The exhibition’s co-curators Malath Alarnosi, Basma Alawee and myself were determined to create a space where people could not only learn, but actually engage in the real work of creating open and inclusive communities. We asked visitors to commit to taking action and to reject the harmful xenophobic rhetoric and policies marking this moment in our shared histories. And sometimes it was the visitors doing the asking. This happened most recently during a workshop with physicians who were using the exhibition as a tool to build cultural competency. One participating doctor, who was born in Iraq and came here as a child, implored his peers to be vigilant, to vote with the lives of refugees in mind, and to understand the real risks lived by those still trying to find ‘home’.

My own experience was profound. From our first moments together, these women became co-conspirators committed to speaking truth, leading change, and sharing love. They have now become friends, the kind you open your homes and hearts to. Most importantly, my own biases were checked and much knowledge was gained.

Yes, most of my favorite moments included the food we shared on the regular, but I was most moved by the times when the remarkable strength and tenacity of the women was most evident. I will never forget Ban’s quiet determination to converse with visitors, even when surrounded by dark images of chaos and the sound of sirens. Or Safaa’s decision to allow her photograph to be in the exhibition, overcoming the fear of being truly seen. Or Samya’s excitement when seeing her art on the wall of a gallery for the first time since coming to this country from Syria. Or the rally we had with nearly 100 members of the Iraqi community in the first days of the demonstrations and violence happening on the streets of Baghdad as demands for change bubbled over.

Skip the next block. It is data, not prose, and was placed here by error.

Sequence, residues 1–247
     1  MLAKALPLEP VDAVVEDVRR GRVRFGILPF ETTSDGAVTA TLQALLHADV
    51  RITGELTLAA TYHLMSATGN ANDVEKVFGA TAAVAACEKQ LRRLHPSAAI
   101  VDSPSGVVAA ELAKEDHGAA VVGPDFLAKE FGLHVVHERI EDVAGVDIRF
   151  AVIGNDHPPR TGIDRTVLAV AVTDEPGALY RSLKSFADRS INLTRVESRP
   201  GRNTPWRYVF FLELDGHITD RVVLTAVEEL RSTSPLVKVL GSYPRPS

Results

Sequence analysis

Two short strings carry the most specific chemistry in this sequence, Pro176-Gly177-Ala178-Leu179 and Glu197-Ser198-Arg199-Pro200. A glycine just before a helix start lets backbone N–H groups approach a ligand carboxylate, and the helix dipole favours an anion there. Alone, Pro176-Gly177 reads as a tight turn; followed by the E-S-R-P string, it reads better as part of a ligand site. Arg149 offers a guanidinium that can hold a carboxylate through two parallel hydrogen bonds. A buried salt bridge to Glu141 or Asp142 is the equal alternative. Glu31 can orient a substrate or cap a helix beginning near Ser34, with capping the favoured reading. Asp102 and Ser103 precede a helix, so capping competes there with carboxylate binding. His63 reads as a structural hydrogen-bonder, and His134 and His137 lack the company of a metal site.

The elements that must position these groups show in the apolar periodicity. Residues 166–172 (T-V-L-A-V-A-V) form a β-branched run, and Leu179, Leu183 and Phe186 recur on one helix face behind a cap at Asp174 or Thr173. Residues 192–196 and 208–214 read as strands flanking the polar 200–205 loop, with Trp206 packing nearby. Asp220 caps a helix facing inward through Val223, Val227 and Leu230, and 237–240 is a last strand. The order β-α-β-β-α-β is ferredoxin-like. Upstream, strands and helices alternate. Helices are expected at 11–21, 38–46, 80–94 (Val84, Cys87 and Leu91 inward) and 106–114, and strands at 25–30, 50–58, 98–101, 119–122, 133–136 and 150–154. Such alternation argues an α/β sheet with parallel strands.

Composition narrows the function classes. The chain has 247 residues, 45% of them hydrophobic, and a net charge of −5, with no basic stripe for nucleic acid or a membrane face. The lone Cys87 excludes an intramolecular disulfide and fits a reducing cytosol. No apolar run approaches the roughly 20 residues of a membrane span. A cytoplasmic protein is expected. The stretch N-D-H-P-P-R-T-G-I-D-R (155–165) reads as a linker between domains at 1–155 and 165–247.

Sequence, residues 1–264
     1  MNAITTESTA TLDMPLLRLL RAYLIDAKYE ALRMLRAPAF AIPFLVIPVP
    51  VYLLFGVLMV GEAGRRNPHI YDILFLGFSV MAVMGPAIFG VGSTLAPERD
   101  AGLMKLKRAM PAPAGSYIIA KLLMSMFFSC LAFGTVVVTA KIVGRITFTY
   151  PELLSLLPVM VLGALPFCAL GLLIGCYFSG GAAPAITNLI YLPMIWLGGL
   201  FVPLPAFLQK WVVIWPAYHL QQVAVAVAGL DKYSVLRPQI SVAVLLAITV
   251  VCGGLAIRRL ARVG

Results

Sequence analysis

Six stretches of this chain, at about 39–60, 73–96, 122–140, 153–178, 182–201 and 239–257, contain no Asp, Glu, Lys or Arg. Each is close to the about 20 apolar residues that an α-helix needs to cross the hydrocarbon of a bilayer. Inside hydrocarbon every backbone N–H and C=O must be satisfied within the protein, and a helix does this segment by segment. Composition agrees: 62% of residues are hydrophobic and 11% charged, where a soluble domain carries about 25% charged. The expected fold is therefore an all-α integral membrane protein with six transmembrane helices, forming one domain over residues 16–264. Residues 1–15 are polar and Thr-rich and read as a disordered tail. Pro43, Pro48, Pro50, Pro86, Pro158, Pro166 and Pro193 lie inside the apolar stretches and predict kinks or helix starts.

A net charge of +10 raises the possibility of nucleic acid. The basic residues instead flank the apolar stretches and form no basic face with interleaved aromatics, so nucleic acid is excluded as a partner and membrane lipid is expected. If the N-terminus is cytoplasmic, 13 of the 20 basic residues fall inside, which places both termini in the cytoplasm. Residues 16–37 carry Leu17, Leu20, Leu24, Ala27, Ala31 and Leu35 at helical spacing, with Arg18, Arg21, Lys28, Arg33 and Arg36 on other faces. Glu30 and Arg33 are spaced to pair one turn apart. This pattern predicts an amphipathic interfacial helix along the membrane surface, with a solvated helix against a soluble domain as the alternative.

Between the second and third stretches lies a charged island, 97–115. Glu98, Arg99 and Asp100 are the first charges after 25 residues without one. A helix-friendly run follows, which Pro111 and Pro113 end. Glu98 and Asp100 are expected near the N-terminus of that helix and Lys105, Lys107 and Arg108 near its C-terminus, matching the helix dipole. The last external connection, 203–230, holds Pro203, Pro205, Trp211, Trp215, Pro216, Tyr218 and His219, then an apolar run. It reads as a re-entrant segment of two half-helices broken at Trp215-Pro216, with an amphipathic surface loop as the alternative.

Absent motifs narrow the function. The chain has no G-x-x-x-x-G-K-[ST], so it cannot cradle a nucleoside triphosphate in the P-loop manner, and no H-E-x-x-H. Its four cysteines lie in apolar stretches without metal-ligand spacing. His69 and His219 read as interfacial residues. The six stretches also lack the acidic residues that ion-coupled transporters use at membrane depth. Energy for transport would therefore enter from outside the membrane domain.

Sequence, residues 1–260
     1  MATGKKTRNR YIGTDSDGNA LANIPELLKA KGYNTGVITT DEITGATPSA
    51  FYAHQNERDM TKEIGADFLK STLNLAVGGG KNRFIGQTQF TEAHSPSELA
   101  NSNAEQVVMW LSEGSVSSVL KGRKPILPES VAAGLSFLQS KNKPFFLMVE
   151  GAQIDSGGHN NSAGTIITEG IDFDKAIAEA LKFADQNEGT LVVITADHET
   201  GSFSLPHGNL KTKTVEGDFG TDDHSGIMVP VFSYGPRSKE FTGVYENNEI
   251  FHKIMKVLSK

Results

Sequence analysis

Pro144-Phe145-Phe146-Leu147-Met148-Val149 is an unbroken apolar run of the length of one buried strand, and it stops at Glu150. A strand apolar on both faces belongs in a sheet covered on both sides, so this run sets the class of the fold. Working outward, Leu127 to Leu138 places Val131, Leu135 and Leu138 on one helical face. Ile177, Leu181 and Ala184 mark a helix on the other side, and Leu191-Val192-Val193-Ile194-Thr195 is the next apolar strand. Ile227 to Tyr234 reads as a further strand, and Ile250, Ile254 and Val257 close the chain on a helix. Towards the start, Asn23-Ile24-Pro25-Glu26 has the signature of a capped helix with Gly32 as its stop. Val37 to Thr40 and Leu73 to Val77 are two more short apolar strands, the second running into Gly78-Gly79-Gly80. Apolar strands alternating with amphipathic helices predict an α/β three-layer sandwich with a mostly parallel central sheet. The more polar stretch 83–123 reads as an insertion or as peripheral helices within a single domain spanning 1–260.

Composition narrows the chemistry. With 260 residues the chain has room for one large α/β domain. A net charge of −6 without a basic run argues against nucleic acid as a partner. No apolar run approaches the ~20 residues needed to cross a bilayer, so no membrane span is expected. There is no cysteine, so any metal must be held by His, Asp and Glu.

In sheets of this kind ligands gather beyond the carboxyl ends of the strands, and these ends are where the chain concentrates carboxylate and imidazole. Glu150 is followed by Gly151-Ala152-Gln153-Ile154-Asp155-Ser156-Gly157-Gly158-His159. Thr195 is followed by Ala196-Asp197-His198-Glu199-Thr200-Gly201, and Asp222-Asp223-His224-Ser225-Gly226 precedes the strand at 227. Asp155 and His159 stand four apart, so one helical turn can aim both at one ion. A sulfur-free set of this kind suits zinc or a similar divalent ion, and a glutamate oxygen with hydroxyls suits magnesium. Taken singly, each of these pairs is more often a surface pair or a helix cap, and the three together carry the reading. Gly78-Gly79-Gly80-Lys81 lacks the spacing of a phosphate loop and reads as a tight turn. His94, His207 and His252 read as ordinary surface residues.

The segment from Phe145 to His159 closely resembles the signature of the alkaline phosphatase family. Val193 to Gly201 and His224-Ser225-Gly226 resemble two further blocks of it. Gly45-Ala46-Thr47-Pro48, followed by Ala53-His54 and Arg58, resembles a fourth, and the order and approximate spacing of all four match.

I doubt I will forget Alaa bringing her eight year old twin daughters over and over again to Yellow House where they became our best docents, transferring their intellect, creativity, and hope to dozens of visitors. And watching Noor tell her story from a stage to a room of strangers for the first time was an inspiration. I remain grateful for my first meal with Basma and Malath when we committed to doing this work together and for the opportunity to watch them both raise their activist voices in the pouring rain to send a message heard around the world. And I will never forget witnessing Malath slowly stitching together a tent that served as a symbol for so much that is wrong in this world, and doing so from a place of radical love.

My hope is that this exhibition and the broader experiences that wrapped around it brought others a greater understanding of the concept of home and what it really means to love our neighbors. The women in this show certainly reminded me that each of us has the opportunity to change the world, not with bombs, but with truth, a commitment to deep understanding of one another, and a strong cup of tea made and shared in love